CIO - You've heard the Gen Y stereotypes before: They're lazy workers, exude entitlement and have been reared on social technologies that they bring into the workplace, whether IT departments like it or not.
A new Forrester Research report sheds light on the latter issue, finding that Gen Y workers actually are not much different than Gen Xers or in some cases, even Baby Boomers, when it comes to their views on technology. Businesses should consider and rely more on this Gen Y group of employees when implementing policies and technologies, Forrester advises.
Take, for example, this statistic: Among the first wave of Gen Y'ers that graduated college in 2001 or 2002, 52 percent have been in their current role between three and 10 years, according to the report. Twenty-seven percent of Gen Y'ers are now managers or executives in businesses.
This means that Gen Y is-and is increasingly becoming-an experienced group of workers-who understand how their companies operate and how to thrive in the business. They are also likely to be influencers in the development and implementation of technology policies, according to the report.
"[Content and collaboration] pros creating collaboration and technology strategies for their employees must set policy based on facts not stereotypes," writes report author and Forrester analyst TJ Keitt. "Thus, it's important to gauge the actual attitudes of Gen Yers toward the IT department and its policies to understand what Gen Yers are actually doing with technology."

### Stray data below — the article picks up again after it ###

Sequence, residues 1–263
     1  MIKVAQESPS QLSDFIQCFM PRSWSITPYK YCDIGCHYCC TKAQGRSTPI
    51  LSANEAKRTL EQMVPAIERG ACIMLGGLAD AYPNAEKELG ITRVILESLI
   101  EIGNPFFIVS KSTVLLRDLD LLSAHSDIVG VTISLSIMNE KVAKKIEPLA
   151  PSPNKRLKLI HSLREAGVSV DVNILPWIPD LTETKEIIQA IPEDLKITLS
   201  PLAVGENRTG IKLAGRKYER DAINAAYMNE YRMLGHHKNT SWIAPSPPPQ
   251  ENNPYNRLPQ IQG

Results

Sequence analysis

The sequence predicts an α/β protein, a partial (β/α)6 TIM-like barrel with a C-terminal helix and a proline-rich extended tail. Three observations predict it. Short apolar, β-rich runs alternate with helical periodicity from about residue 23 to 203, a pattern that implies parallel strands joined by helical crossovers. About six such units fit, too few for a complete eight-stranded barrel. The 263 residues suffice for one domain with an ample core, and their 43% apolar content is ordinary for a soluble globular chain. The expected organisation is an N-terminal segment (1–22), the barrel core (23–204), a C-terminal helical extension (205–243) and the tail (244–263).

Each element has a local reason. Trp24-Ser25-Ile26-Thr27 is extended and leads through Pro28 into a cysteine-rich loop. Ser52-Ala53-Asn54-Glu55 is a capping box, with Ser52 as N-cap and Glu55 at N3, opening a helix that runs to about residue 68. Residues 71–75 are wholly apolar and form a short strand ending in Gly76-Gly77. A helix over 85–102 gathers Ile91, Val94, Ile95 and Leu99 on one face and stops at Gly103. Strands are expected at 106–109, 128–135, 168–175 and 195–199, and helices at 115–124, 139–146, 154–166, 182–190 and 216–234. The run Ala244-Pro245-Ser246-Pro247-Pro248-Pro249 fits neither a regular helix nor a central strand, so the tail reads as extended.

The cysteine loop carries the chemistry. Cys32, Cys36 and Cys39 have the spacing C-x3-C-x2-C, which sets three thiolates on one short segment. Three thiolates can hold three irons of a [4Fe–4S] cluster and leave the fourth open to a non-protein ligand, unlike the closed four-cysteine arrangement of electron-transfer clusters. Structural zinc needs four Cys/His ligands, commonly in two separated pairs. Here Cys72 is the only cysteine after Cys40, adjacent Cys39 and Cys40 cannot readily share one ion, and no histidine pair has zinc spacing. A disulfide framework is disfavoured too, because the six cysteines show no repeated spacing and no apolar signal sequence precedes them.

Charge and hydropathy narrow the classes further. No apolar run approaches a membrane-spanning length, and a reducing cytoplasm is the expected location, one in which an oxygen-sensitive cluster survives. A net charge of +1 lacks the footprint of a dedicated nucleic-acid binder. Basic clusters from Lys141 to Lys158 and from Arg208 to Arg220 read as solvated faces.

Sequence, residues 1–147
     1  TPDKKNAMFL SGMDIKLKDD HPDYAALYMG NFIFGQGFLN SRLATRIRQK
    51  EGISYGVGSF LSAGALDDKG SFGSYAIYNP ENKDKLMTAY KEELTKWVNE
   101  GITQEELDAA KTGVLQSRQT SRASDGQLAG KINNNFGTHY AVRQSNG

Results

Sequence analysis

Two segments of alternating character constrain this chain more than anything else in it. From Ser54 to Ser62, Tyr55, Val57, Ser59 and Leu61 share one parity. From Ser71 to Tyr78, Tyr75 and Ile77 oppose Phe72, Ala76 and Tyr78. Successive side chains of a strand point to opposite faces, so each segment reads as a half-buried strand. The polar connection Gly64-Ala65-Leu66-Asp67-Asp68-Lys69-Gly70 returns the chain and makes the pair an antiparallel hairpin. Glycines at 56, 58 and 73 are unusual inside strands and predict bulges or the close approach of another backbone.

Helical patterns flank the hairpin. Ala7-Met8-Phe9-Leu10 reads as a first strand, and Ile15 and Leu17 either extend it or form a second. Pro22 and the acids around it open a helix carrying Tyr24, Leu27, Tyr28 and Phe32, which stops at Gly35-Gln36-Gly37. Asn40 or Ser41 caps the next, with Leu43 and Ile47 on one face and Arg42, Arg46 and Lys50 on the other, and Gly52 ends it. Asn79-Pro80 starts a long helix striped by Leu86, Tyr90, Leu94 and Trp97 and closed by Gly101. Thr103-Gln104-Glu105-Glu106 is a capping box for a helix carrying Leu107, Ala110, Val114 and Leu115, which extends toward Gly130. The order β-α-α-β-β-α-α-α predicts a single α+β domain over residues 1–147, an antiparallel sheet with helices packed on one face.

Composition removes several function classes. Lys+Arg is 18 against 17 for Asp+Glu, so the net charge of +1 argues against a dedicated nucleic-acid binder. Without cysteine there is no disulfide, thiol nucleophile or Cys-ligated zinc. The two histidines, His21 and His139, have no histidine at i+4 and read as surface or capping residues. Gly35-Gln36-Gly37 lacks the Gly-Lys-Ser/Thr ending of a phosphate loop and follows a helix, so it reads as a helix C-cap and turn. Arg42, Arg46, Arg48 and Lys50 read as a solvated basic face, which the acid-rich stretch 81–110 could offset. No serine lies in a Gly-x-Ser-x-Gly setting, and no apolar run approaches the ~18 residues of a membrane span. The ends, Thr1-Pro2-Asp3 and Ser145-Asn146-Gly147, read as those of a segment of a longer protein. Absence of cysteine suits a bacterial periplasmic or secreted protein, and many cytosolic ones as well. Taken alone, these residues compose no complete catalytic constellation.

Here are Forrester's findings on Gen Y's attitudes toward IT-some of which may be surprising-and its suggestions for effectively working with that generation.
-Gen Y believes their technology is better than your technology. There's a disconnect between Gen Y and the rest of the workplace when it comes to which technologies are better, the report says.
Thirty-one percent of Gen Y says they believe their technology at home is better than the technology they have at work, according to the report. Twenty-three percent of Gen X agrees, but the big difference is apparent in Boomers: Only 17 percent believe their technology is better than the tech in the workplace.
-Despite this, Gen Y is no more likely than Gen X to bring the tech to work. While IT departments frequently fret about the dangers that Gen Y'ers bring to the business by using outside technologies within the workplace, the reality is that they're not the only ones to blame, the report says.
While Gen Y'ers top the list with 44 percent admitting to installing software on the computer they use for work, Gen X follows close behind at 42 percent. Following that are Boomers at 36 percent, according to the study. Additionally, more than 40 percent of each generation group admit to accessing online services like Google Docs for work purposes.
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